Top photo from Clifford Street Elementary website; bottom from Solano Avenue Elementary website

Wednesday, September 9, 2009

Celebrating the first day of class with an after school snack

The first day of school found the streets and sidewalks around Logan Street Elementary in Echo Park busy with kids, parents, teachers and crossing guards. Logan parent Maria Caballero (pictured above) shared a snack after picking sons Matthew, 8, and Jonathan, 11, at the end of the school day. The first day of class at Logan was also the first day the Echo Park school shared classrooms with a charter school, Gabriella Charter School. Many Logan school parents and teachers had expressed their concern and staged a protest a few months ago over sharing the campus with the privately run school.

Los Angeles schools faced other challenges besides making sure its staff and campuses were ready for students. The Los Angeles Unified School District began the semester facing a $140 million budget gap and the threat of layoffs, according to the Daily News. But, back at Logan, things seemed to go well on the first day back, according to Jonathan. Asked his opinion of the first day of class the fifth grader was brief and to the point: "Cool."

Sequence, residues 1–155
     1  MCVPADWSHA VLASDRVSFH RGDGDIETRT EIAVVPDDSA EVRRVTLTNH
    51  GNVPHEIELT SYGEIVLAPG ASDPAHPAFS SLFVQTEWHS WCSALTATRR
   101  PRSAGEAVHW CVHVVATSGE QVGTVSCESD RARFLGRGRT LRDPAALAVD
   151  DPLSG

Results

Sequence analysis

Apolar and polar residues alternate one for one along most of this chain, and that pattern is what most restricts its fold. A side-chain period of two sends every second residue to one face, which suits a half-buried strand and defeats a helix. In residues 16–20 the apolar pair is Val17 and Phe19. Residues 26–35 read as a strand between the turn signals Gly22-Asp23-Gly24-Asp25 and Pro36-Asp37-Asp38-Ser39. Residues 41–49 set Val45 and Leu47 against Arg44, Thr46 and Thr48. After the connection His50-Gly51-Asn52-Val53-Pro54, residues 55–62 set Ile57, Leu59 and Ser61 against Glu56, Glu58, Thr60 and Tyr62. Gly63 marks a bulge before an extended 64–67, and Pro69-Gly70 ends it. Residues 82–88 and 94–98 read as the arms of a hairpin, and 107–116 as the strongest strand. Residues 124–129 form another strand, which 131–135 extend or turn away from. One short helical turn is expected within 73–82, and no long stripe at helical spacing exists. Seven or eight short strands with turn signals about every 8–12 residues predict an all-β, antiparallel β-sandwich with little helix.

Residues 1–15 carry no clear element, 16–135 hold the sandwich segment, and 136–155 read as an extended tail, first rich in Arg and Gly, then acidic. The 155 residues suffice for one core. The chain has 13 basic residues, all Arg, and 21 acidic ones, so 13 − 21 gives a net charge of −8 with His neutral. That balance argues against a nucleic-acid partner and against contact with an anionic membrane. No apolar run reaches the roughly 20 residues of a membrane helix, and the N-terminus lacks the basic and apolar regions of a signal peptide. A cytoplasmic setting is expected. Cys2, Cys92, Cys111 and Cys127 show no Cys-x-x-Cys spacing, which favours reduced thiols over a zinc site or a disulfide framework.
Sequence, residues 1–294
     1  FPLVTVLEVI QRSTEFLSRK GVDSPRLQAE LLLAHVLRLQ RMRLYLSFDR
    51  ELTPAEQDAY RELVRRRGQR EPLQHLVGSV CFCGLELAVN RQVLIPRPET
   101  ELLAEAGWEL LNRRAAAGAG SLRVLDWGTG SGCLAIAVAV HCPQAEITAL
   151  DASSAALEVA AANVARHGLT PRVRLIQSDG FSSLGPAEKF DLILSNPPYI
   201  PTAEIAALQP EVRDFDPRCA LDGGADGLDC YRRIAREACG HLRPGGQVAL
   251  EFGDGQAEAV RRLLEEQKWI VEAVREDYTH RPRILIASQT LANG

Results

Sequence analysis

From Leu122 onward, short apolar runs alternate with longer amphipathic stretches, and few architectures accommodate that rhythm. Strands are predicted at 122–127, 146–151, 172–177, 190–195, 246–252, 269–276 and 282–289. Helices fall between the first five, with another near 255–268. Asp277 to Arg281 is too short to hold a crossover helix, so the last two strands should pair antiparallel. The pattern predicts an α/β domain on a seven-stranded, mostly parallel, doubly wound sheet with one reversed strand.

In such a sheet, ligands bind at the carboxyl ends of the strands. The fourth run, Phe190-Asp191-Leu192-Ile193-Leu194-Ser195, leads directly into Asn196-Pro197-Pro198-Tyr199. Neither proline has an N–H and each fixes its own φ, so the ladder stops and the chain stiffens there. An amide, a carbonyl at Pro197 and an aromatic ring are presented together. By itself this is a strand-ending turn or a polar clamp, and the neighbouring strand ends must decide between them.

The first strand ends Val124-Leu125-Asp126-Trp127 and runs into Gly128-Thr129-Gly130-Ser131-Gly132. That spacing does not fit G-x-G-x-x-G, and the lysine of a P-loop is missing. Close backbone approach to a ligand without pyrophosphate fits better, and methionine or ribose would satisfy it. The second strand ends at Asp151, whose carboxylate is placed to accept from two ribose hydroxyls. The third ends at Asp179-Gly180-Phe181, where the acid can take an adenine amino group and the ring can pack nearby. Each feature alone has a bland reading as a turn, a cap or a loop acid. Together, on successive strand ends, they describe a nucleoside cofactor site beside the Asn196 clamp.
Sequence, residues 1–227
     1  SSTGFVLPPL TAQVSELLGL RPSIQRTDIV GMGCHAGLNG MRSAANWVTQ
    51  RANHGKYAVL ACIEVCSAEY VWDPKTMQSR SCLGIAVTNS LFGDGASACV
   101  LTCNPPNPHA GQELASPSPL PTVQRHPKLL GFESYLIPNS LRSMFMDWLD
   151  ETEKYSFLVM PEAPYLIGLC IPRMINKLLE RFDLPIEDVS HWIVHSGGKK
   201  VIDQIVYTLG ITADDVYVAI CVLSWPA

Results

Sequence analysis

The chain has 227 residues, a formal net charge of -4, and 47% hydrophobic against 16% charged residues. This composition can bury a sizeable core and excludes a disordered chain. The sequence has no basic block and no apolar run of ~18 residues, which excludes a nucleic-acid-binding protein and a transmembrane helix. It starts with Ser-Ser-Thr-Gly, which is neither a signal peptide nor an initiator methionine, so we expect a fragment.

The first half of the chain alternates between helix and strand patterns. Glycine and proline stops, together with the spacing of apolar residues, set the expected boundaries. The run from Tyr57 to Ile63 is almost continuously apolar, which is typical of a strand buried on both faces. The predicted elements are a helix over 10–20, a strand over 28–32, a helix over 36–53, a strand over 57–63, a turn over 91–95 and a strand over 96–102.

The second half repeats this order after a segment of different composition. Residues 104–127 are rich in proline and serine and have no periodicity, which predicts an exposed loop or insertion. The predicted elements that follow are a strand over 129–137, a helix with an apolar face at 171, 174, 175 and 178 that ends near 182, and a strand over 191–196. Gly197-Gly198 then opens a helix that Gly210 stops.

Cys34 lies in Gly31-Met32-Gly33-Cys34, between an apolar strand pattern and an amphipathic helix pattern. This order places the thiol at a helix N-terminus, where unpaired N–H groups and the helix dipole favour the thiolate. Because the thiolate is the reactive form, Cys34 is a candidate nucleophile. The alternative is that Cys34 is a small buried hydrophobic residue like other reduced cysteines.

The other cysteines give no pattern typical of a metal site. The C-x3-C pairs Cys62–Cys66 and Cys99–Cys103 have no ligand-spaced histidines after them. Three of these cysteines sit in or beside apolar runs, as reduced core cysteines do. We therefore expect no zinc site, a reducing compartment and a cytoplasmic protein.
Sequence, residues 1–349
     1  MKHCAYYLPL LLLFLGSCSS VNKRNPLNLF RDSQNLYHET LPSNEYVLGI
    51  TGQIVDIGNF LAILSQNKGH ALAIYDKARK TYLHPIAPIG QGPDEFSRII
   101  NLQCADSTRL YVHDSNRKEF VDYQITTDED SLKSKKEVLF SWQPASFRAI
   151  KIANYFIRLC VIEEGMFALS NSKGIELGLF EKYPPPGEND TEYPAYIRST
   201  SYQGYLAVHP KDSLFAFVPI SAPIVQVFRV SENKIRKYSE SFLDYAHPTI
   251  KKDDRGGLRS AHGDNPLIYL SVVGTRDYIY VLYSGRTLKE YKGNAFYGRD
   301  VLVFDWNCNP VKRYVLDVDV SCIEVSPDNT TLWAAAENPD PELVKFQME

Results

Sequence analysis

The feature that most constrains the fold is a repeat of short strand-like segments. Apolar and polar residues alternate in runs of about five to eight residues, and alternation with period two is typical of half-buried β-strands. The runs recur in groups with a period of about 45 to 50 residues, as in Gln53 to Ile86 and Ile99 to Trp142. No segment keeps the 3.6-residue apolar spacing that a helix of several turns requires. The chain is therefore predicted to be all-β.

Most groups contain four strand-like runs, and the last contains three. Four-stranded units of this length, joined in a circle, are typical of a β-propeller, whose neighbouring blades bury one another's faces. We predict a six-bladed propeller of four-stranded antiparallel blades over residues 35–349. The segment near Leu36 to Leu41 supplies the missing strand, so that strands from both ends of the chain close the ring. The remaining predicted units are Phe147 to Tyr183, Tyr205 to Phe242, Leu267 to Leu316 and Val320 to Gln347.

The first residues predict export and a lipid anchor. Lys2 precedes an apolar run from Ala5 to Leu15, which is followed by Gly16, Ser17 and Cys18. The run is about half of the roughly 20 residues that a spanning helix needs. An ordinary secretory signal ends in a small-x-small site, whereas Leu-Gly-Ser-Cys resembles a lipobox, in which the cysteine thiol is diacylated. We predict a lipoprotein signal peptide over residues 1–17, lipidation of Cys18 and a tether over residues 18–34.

Wednesday, September 2, 2009

How the mayor bullied the school district to win control over a new Boyle Heights school


It sounds like a school yard scuffle between kids fighting over a new kick ball. But, in this case, the kids are Los Angeles schools Supt. Ramon Cortines and Los Angeles Mayor Antonio Villaraigosa. The object they fought over is a new $106 million Boyle Heights high school. A Los Angeles Times story over the district's plan to hand over control of 250 campuses to charter schools and other groups provides more details into how the mayor's Partnership for Los Angeles Schools walked away with the new Mendez Learning Center over the objections of Cortines:

"In an interview, Cortines said that he had opposed the hand-over but that school board President Monica Garcia, a Villaraigosa ally, had insisted on it. 'There was an end-run by the partnership,' the superintendent said. 'They found a way to . . . steal the school, and it's unfortunate.' Cortines said the new procedures for taking charge of a school would establish rules that neither the mayor nor anyone else could circumvent."

Related story:
* Not so fast: Union might challenge mayoral takeover of new Boyle Heights school. School Yard